Ever heard of the term “gastronomic incest”? No? I hadn’t either, but I definitely got schooled on the topic while reading this one. This book about the Donner Party was fascinating and not just because I got to read gorey details about cannibalism. This story just really, really put life into perspective. I remember thinking to myself, “It sucks that I ran out of milk and I stubbed my toe, but WHOA. At least I’m not trekking through twenty-five feet of snow while snowblind, sustaining myself only on shoe leather.”
Which brings us back to the gastronomic incest. There were so many details about the Donner Party having to resort to feasting on dead family members and friends that I’m sure I gasped out loud for pages and pages on end. Reading about a woman salivating over the scent of her own husband’s heart roasting over a fire is, well, crazy and upsetting. As I said, there was plenty of these sort of details, but the narrative was written in such a way that you were just PULLING for these people to make it through. We all know how the story ends, but I was hoping that somehow, in an alternate universe, these people would have made different decisions and hadn’t faced such ridiculous odds. Clearly, they were doomed from the beginning. From the decision to waste time looking for cattle, to the lying idiot that told them that they could take a shortcut that would save them time (I’m looking at you, Lansford Warren Hastings). In this case, that time “saved” equaled certain death. The author made the observation that had the Donner Party trek occurred with modern transportation, they could have made the same journey over the mountains in approximately seven minutes. SEVEN MINUTES.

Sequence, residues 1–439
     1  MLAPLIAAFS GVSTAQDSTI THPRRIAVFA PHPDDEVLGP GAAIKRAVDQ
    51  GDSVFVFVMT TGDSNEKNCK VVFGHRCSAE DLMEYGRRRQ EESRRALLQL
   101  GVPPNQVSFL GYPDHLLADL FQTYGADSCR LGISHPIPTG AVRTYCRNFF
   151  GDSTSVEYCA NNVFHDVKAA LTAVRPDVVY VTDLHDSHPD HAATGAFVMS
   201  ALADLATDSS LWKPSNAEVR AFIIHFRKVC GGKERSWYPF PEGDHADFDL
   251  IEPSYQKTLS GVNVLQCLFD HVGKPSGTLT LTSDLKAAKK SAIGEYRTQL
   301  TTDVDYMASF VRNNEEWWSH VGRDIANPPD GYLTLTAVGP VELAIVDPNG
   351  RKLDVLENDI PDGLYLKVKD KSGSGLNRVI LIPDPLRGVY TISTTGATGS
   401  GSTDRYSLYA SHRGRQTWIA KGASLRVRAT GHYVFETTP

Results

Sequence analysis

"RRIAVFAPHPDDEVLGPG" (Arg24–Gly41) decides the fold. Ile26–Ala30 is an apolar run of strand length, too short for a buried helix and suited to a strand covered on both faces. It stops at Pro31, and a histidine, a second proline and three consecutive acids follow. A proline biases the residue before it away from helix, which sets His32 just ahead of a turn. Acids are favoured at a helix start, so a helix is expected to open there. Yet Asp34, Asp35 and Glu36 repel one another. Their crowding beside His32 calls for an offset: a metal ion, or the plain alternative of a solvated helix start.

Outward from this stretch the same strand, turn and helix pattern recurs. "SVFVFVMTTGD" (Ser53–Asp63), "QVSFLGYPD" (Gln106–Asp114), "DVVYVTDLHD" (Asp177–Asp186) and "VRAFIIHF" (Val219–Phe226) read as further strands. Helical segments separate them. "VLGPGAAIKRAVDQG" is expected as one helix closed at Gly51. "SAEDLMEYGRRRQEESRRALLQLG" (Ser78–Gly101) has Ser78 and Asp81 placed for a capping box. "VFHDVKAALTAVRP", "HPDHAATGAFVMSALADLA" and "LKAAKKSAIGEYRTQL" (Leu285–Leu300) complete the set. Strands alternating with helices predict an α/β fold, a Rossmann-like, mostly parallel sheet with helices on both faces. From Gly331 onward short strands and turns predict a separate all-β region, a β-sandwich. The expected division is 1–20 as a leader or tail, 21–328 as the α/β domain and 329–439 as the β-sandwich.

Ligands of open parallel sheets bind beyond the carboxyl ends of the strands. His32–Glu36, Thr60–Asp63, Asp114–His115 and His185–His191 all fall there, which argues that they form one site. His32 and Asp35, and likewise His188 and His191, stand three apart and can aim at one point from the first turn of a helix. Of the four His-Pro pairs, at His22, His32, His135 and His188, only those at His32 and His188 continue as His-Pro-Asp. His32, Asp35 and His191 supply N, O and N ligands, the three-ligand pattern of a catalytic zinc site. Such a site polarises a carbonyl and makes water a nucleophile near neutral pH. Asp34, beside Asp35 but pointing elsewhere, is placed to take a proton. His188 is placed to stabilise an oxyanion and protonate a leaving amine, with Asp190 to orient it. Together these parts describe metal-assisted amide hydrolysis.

This book was well-researched and included a lot of historical details about what life in general was like in 1867. When a party member died, for example, he discusses funeral customs. There are also descriptions about hygiene practices from that era and it made me want to grab a toothbrush. Descriptions of the effects of UV rays on eyesight, hypothermia and mortality rates are also provided, which allows the reader to really grasp what these people were encountering. It was an easy, fast-paced and satisfying book.
Let’s just say I devoured it.
If you like this, you might also enjoy this book about a giant, deadly FIRE STORM that happened in Hinckley, MN in 1894. It’s called Under a Flaming Sky and it’s written by the same author, Daniel James Brown.
Click here to see some of my previous book reviews. Let me know if you’ve read any of them!